Networking is uncomfortable for a lot of people.

As an ambivert with strong introvert tendencies, I get it. 

Talking to people and realizing that moving ahead in your career could depend on you talking to and building relationships with others is daunting.

But it doesn’t have to feel daunting.

Today, I’ll share some insights on how to comfortably initiate career-building conversations.

You can use these insights to network, get informational interviews, and steadily build social capital throughout your career. And not just when you desperately need it.

(If you’ve been around me long enough then you know that I am a fan of the phrase “dig your well before you need to drink from it.” This is me giving you some of those tools to dig the well.)

Before we go on, let me lay 3 crucial foundations upon which all of this will work.

1. Communication and building relationships is a skill anybody can develop. Is it harder for some? I acknowledge that. But it is still possible even if you’re the most introverted of introverts to improve this skill of initiating career-building conversations and relationships.

2. Have a promotion focus. People who have a promotion focus tend to have a positive outlook and will take the outcome of initiating conversations – whatever that might be – in stride. This means that whether people respond to them positively or not, a person with a promotion focus will keep on moving until they reach their goal. 

Don’t create negative outcomes in your head that haven’t happened yet. Keep moving until you reach your goals.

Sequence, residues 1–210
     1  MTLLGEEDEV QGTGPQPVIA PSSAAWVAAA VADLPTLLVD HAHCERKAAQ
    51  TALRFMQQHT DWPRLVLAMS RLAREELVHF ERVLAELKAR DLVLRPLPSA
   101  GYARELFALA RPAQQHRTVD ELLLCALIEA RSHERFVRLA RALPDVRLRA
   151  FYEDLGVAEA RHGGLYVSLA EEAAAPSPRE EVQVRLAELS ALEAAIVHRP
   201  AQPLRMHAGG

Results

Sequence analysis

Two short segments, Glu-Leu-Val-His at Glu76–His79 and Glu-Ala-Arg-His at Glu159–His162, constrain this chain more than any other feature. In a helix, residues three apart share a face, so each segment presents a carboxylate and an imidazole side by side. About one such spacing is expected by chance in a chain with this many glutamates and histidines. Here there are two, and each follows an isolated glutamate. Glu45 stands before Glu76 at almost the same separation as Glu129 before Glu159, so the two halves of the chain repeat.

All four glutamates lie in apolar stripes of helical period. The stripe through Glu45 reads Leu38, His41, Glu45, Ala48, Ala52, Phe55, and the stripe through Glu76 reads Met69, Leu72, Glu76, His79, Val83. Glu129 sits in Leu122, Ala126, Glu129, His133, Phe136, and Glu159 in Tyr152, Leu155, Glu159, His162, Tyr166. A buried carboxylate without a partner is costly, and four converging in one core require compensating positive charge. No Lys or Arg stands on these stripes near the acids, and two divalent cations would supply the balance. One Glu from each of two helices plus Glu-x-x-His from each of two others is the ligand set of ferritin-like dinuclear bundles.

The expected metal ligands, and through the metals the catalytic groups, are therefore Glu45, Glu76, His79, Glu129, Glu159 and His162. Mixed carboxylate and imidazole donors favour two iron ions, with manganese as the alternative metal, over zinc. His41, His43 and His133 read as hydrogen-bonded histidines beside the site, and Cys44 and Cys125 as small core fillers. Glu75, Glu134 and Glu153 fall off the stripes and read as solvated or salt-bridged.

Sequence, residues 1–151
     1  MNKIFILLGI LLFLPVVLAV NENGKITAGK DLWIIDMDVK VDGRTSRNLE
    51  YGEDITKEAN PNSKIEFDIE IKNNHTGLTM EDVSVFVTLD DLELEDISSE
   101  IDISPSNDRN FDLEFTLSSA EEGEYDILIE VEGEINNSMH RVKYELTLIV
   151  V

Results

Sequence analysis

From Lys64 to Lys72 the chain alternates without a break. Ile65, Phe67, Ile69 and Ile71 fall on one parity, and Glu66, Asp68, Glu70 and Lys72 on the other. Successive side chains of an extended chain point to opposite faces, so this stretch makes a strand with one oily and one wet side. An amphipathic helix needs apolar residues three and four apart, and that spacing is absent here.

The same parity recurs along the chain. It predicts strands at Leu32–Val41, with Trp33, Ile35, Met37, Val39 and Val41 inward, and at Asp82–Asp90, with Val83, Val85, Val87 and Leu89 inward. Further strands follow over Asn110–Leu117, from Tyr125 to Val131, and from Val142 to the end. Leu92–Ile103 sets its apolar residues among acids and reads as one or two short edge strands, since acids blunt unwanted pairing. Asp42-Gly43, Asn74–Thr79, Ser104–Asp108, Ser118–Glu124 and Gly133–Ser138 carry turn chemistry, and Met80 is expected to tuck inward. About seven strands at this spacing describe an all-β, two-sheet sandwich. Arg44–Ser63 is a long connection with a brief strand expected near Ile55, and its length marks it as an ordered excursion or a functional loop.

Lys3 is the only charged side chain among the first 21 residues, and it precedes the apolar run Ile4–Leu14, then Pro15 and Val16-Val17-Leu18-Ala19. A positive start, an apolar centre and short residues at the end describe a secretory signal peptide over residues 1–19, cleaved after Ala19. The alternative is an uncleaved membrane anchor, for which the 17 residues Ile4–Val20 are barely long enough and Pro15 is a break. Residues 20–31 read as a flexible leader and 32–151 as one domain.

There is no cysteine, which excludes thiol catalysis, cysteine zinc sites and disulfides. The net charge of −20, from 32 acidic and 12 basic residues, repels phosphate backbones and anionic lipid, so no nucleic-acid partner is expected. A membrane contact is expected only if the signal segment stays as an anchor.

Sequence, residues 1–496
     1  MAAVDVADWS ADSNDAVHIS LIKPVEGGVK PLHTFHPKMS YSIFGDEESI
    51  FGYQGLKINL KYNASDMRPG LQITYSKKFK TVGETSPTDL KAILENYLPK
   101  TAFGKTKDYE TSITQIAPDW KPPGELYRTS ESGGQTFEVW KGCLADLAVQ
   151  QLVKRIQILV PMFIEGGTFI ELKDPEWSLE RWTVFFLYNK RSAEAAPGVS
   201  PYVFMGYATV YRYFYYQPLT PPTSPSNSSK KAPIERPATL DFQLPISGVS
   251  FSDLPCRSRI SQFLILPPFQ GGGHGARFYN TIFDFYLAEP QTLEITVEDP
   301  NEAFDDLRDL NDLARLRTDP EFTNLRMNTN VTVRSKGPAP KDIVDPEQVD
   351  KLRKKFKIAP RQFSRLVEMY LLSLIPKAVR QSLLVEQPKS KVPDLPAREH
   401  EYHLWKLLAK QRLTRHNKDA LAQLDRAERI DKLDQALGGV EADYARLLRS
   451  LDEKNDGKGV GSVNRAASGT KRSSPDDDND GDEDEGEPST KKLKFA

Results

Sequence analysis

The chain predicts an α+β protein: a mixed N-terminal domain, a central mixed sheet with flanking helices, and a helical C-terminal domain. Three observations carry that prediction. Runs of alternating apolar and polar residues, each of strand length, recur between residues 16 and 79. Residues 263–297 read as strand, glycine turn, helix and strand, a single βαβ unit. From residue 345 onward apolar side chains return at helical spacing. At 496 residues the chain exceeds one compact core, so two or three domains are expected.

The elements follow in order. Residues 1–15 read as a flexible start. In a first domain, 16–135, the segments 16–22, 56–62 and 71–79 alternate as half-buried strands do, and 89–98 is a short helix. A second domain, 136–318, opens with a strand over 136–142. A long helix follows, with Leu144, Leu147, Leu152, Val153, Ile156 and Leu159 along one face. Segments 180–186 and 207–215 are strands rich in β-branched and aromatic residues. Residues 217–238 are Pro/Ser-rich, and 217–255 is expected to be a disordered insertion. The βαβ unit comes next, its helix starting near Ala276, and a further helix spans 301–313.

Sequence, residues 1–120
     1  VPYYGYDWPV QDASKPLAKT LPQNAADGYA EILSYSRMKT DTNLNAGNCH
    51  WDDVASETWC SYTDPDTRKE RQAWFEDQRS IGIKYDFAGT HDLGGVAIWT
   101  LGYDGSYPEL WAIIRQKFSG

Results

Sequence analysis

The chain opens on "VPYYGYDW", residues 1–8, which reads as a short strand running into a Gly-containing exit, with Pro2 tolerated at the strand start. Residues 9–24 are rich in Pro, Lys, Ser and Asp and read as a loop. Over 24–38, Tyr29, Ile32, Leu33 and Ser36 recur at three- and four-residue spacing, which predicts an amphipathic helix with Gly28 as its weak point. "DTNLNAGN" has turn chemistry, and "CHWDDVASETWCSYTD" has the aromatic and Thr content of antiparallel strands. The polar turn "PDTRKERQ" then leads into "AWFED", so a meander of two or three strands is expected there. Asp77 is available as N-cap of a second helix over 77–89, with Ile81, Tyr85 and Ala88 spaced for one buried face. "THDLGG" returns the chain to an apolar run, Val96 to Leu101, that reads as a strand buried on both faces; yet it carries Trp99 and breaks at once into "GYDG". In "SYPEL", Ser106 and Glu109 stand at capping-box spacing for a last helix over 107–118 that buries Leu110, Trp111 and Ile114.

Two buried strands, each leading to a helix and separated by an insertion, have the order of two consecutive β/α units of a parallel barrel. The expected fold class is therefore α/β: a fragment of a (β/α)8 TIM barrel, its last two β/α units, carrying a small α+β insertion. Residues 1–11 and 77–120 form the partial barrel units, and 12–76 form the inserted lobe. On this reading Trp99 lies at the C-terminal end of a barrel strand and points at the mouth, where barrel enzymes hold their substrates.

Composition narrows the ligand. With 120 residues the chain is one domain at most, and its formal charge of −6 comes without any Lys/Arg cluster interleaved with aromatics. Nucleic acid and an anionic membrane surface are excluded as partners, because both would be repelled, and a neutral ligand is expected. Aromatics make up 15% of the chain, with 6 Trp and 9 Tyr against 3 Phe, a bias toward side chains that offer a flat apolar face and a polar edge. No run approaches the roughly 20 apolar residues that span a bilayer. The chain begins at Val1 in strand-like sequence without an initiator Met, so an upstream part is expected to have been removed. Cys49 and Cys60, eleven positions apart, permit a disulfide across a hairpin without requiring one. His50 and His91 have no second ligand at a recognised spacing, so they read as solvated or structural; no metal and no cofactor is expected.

3. Your network is probably bigger than you think. When you start having conversations, you will see just how big.

Now let’s talk about the 4 pointers I want to share today.

4 ways to initiate career-building conversations 

4 ways to initiate career-building conversations

Take initiative.

“You’ll have more friends if you’re friendly too.” My dad used to encourage me with these words as a child. It was his way of encouraging me to take initiative when it came to being social. The same applies to initiating career-building conversations. You see someone working in a position you aspire to? There’s someone on LinkedIn you admire? There’s an alumni from your school working at a particular company? Take the first step to start the conversation.

“But what happens if they don’t want to talk to me?”

There are 8 billion people in the world. Move on and talk to the next person who wants to talk to you.

How do you start such a conversation?

Here’s an example of a message I sent to someone recently:

Hi Kristen! I hope you’re doing well. I have been thinking about my next steps with my role and you came to mind. I would love to learn more about your role in market development and perhaps how I could grow on that path. Do you have time on your calendar in the next few weeks to chat?

The result:

I happened to know Kristen from when we both worked at a previous company. We hadn’t spoken in several months but when I sent this message, she responded kindly and invited me to lunch where we spoke for 30 minutes. She shared her thoughts on how I could move my career ahead in biotech market development. She then (of her own accord) introduced me to two more leaders in our space. One of those two went on to have another enlightening conversation with me about how I could advance.